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Linda Carpenter, an associate professor of psychiatry and human behavior at Brown University, who has conducted medical studies using rTMS for depressed patients, says the treatment is effective for some patients, possibly even better than simply trying another medication. But she says questions remain about how long the effects last and how often a patient should return for additional sessions.
"What's the range of booster treatments people need?" she asks. "Is it once a week, or every couple of years? There's a huge range in my clinical experience." Carpenter, a physician, says research has not found any safety issues for patients returning for additional treatments, but cost is a factor.
Uncertainty about its long-term effectiveness is why most insurers do not routinely cover rTMS. Medicare also has mainly rejected coverage, though in January, the administrator of the program's New England region became the first to approve it, citing the AHRQ report and an assessment from an independent regional advisory board.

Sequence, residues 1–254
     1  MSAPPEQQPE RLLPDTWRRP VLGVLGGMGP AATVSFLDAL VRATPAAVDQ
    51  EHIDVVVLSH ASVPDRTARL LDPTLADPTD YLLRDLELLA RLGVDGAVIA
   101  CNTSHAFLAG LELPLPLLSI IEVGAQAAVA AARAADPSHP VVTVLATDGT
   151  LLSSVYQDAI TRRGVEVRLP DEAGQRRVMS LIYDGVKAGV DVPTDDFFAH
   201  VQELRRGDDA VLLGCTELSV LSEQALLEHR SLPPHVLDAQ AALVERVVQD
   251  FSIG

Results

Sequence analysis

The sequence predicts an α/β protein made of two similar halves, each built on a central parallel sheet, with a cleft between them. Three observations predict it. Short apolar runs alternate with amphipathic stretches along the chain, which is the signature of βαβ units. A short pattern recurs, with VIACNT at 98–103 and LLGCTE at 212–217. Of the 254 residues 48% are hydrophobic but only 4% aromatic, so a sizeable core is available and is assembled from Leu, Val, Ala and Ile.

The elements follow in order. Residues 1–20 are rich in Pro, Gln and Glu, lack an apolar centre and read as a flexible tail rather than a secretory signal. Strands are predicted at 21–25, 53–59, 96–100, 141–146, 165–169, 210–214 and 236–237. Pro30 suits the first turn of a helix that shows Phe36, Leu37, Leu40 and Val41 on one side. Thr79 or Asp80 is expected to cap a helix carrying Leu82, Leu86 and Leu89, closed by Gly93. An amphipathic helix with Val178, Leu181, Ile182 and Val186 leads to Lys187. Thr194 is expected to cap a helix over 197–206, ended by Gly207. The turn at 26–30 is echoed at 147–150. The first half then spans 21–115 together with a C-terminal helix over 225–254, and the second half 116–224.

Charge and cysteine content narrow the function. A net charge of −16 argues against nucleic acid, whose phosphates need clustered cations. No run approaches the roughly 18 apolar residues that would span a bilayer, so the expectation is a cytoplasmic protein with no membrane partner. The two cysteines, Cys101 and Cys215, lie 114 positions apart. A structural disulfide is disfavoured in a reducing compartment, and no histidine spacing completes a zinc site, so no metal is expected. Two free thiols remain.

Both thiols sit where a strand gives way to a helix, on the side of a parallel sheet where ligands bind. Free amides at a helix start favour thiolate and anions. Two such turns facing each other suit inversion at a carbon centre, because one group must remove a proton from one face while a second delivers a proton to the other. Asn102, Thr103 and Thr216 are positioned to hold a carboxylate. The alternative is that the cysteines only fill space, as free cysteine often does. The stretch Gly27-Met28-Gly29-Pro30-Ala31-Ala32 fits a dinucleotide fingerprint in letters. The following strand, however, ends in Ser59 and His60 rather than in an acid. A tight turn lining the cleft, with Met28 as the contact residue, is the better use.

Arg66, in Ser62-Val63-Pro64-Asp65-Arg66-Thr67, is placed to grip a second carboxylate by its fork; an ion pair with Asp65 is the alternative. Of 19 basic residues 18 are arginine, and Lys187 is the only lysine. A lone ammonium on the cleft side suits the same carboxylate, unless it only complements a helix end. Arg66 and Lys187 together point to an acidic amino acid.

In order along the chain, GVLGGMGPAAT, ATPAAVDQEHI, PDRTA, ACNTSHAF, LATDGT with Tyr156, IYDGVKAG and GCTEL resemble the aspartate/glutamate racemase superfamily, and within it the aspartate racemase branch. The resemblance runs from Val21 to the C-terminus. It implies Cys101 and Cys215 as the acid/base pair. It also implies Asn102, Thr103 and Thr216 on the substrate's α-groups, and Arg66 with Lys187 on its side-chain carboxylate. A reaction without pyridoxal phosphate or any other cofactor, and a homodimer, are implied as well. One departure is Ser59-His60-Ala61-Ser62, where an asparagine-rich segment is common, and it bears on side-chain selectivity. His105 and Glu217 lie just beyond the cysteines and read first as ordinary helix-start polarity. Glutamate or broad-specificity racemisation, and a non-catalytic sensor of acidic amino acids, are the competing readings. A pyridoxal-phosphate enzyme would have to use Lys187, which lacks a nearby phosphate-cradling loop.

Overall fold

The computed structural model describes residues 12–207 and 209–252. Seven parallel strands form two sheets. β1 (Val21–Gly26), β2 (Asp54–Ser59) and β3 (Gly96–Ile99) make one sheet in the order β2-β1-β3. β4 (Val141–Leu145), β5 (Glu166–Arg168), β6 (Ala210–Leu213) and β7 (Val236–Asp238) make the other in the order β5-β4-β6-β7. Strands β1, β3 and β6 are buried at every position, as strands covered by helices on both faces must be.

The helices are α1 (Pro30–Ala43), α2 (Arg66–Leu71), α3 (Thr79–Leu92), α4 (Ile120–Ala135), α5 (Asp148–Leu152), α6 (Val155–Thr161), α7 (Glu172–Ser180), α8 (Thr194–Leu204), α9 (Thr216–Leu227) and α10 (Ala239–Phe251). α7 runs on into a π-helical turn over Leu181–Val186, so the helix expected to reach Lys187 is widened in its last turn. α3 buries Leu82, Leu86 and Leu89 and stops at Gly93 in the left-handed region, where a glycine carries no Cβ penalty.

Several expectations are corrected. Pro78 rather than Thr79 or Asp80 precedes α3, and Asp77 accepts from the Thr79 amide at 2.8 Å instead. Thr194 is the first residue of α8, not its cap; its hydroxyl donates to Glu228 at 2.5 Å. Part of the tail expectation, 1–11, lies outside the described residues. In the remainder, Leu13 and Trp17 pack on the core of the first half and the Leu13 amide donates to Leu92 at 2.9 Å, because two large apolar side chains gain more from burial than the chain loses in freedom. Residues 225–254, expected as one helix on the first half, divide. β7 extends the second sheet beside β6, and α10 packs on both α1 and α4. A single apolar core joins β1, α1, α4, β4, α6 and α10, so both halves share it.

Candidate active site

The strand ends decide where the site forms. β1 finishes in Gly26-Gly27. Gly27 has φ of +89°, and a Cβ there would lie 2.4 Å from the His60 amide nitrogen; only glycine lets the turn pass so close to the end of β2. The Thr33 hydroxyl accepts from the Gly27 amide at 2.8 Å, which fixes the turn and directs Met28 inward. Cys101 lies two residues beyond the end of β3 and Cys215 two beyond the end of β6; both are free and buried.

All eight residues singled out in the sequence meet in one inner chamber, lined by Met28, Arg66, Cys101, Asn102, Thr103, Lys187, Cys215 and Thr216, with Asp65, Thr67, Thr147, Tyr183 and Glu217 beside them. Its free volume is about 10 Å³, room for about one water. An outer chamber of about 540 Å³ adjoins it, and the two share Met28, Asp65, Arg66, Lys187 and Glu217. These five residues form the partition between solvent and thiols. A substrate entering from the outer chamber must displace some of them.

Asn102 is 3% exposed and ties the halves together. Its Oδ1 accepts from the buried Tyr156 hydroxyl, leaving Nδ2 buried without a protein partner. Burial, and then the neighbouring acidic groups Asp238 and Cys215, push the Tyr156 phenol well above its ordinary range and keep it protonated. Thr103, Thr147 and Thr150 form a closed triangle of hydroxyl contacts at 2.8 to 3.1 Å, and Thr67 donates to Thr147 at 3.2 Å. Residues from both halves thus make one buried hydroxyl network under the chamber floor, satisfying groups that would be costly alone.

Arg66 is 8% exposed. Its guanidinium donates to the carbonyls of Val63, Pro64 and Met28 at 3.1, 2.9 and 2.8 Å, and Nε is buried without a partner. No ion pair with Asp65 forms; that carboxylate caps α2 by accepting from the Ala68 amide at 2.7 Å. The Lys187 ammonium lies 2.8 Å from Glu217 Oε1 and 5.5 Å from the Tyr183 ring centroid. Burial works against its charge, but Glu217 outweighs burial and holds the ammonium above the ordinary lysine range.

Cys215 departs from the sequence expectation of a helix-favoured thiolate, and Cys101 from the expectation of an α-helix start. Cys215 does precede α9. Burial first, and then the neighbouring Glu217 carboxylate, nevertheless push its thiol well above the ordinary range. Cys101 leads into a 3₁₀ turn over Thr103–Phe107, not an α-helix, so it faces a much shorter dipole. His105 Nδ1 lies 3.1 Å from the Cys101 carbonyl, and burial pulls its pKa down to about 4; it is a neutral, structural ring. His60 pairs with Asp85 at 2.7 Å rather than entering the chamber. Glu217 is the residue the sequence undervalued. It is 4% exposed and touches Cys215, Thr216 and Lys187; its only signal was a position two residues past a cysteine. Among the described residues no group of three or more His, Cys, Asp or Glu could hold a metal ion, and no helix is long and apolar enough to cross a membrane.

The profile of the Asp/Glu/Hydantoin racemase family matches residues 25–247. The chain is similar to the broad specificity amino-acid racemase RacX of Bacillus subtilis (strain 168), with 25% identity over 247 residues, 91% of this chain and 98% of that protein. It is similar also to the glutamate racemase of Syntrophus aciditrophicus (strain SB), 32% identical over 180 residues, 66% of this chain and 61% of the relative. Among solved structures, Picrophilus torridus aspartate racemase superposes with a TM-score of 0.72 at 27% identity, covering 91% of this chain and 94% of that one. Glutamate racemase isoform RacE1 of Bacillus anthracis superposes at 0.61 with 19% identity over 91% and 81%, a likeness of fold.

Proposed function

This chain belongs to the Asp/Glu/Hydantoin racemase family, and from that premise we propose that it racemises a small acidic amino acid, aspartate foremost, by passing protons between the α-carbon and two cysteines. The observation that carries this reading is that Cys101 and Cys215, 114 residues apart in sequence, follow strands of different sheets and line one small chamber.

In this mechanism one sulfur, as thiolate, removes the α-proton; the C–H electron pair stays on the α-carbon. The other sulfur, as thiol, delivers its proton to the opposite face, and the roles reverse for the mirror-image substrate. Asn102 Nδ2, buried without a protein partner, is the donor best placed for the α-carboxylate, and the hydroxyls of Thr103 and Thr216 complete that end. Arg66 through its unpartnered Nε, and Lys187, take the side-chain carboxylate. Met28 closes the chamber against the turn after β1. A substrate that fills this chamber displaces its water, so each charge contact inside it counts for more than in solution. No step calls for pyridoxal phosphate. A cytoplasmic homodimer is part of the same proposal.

That 19-member panel voted 10 to 5 last year that studies of the treatment showed it to be as good as or better than usual care for depression. Six of the 10 said it represented a "reasonable" value for its cost; four saw it as a low value. (The same panel voted 9 to 6 that rTMS's health benefit was equal to that of ECT.)
Even with limited insurance coverage, about 8,000 patients have had the treatment, and the number of treatment centers has doubled to a total of about 400 nationwide since 2010, according to reports by the device's maker. Centers include some big names, such as Johns Hopkins in Baltimore and the Mayo Clinic in Rochester, Minn.
Still, some are not convinced. "The initial treatment with rTMS is $12,000: That's a lot of generic Prozac or Effexor," which are cost-effective antidepressants with long track records, said Joel Rubinstein, associate medical director of Harvard Pilgrim HealthCare, an insurer that does not cover rTMS. "Managed care has an obligation to a population. You're shepherding a fixed amount of resources across a large population and trying to do it according to some sort of evidence-based system."
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Kaiser Health News is an editorially independent program of the Henry J. Kaiser Family Foundation, a nonprofit, nonpartisan health policy research and communication organization not affiliated with Kaiser Permanente.